We all have our annual Thanksgiving traditions, and for the news
media it seems to be the annual reporting of the rising cost of the
holiday meal. Brooke speaks with Columbia Journalism Review's Ryan Chittum about how these annual reports come about, and how they are misleading to consumers.
Recent resignations at Bloomberg News and leaks about the company's reporting in China
have raised questions about what concessions news organizations
choose — or are forced to make — to sustain expensive foreign
reporting. The New York Times Edward Wong talks to Bob about
why financial reporting has become the biggest threat in the eyes of
China's ruling party, and why Western media might have less reason to be
worried than they think. Bonobo - Sapphire
In the wake of the information about the NSA leaked by former
government contractor Edward Snowden, the NSA has seen the volume of FOIA requests for the agency go through the roof.
Brooke talks with Pamela Phillips, the chief of the NSA Freedom of
Information Act and Privacy Act Office about how the agency is dealing
with the sudden influx of requests, and what kinds of requests are
PEN American Center, a writers’ organization, released a report last week titled “Chilling Effects: NSA Surveillance Drives US Writers to Self-Censor.”
The report found that, of the writers surveyed, a sizable percentage
were censoring their work, or altering their writing process, due to
fear of NSA surveillance. Bob talks toLA Times Book Critic David Ulin to find out what freedom of expression really means if our thinkers are constantly looking over their shoulders. Bach - Suite for Solo Cello No. 1 in G Major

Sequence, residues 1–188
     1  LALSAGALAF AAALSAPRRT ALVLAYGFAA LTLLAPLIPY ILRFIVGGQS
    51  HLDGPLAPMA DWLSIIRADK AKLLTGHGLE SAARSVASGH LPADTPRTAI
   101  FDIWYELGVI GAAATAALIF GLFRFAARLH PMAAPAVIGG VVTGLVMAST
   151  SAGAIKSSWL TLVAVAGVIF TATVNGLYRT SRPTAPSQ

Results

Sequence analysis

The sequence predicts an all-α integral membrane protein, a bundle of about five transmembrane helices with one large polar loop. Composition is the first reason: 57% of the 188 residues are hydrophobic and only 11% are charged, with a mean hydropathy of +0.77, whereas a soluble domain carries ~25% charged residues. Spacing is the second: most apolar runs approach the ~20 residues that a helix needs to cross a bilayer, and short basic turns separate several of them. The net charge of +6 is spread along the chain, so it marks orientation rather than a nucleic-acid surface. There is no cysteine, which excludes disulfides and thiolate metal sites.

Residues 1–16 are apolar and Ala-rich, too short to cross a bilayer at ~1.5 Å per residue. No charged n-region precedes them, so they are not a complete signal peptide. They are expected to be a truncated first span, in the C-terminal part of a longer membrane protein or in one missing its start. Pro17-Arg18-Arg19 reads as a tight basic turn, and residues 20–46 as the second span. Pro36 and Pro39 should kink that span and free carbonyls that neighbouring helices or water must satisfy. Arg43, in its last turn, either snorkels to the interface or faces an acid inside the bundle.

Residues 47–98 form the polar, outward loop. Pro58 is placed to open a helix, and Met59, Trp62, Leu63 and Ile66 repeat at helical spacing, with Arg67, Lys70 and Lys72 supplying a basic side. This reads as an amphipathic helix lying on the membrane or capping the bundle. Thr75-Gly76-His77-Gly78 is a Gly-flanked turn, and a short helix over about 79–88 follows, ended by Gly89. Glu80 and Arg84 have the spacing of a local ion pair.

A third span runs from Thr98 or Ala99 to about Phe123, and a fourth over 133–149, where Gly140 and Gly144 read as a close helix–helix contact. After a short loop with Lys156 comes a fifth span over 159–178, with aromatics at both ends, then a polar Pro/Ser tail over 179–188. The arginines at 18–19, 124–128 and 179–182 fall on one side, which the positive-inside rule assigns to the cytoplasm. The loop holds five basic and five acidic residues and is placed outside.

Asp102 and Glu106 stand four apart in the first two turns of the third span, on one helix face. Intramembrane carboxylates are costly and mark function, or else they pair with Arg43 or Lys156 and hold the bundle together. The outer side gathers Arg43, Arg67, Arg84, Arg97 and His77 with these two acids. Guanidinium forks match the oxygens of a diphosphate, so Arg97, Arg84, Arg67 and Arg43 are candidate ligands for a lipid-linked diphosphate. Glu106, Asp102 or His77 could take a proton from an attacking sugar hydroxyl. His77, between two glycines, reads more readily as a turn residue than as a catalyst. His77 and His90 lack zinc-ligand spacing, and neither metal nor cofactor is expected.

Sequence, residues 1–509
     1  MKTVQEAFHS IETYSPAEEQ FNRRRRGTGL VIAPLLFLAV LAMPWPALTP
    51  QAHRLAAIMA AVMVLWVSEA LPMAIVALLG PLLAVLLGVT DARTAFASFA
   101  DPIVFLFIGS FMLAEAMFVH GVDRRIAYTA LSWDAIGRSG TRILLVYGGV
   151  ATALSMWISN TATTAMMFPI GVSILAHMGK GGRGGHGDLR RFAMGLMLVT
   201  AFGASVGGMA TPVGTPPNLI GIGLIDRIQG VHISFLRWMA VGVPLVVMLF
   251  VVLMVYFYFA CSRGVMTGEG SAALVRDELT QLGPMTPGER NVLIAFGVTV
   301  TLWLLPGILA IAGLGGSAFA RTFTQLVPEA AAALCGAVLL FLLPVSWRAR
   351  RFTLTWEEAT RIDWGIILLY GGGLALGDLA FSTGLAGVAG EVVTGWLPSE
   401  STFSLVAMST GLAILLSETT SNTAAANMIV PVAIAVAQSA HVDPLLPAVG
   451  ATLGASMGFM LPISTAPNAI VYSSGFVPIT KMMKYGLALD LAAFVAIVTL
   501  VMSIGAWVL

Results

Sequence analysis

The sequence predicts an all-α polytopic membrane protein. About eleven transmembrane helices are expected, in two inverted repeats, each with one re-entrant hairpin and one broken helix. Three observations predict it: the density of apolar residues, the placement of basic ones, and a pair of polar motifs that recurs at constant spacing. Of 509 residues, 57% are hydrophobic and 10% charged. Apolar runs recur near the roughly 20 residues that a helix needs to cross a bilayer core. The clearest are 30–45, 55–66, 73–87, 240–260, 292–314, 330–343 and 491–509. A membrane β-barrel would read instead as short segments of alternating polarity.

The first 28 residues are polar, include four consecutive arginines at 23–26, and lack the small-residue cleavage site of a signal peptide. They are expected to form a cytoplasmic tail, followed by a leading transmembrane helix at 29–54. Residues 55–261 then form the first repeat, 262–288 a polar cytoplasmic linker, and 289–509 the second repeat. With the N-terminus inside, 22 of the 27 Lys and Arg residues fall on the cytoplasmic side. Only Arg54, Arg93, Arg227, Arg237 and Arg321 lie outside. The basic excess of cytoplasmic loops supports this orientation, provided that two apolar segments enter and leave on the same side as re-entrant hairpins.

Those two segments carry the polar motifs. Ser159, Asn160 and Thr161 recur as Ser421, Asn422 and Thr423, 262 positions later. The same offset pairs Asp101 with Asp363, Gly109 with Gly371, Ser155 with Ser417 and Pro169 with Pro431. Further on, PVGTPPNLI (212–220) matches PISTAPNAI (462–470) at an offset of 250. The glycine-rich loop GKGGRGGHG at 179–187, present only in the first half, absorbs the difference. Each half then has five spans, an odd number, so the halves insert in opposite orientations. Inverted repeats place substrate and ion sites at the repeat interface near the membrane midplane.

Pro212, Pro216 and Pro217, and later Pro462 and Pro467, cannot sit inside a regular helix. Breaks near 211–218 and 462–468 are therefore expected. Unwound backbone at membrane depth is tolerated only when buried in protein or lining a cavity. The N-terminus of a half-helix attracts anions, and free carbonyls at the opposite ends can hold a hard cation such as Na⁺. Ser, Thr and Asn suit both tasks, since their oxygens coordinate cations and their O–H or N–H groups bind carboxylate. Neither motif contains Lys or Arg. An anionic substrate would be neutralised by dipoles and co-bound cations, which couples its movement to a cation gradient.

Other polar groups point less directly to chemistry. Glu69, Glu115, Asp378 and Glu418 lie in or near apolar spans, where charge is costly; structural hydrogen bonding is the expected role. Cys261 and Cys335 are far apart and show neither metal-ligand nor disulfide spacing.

The best selling book of all time is going digital. As a successful
mini-series and downloadable app, the Bible seems to be as popular as
ever. Brooke speaks with writer Thomas Larson about the importance of the spoken Word and the effect of new media on its "holiness".
The Infectious Texts project at
Northeastern University is making thousands of pre-Civil War newspapers
searchable. Bob talks with Ryan Cordell, a leader on the project,
about the mechanism behind text virality in the 1800’s and some of
what’s been discovered so far. Black Keys - Psychotic Girl
In television's younger days, going live was extremely difficult,
costly and rare. But 50 years ago, a monumental tragedy made live
coverage essential, no matter the cost, whenever a president left the
White House. WNYC’s Sara Fishko recollects those dreadful days in
November when everyone was paralyzed in front of the small screen.
On the same day of John F. Kennedy’s burial, a small gathering
committed the remains of Lee Harvey Oswald to the ground. Apart from the
immediate family, no mourners attended, leaving the task of carrying
the coffin to a few assembled strangers: the reporters covering the
story. Bob talks to retired Associated Press reporter Mike Cochran who
was one of Oswald’s pallbearers. Lúnasa - Black River
Hello! We are taking a week off the podcast to work on some special
things that you will like a lot. This episode is a Best Of*, in case you
have a friend who hasn't gotten a chance to check us out who you might
like to share TLDR with. It also includes an answer to one of our show's
enduring mysteries - just what the hell TLDR stands for.
Thanks for listening, and if you like the show, subscribe to it on iTunes. If
you want other people to hear it, please rate and review it! If you
want to check out our previous episodes on our website, you can listen here. If you like our theme song, you can hear more by Breakmaster Cylinder here.
*Yes, we know that it takes some pretty unmitigated gall to run a clip show two months after launching a podcast.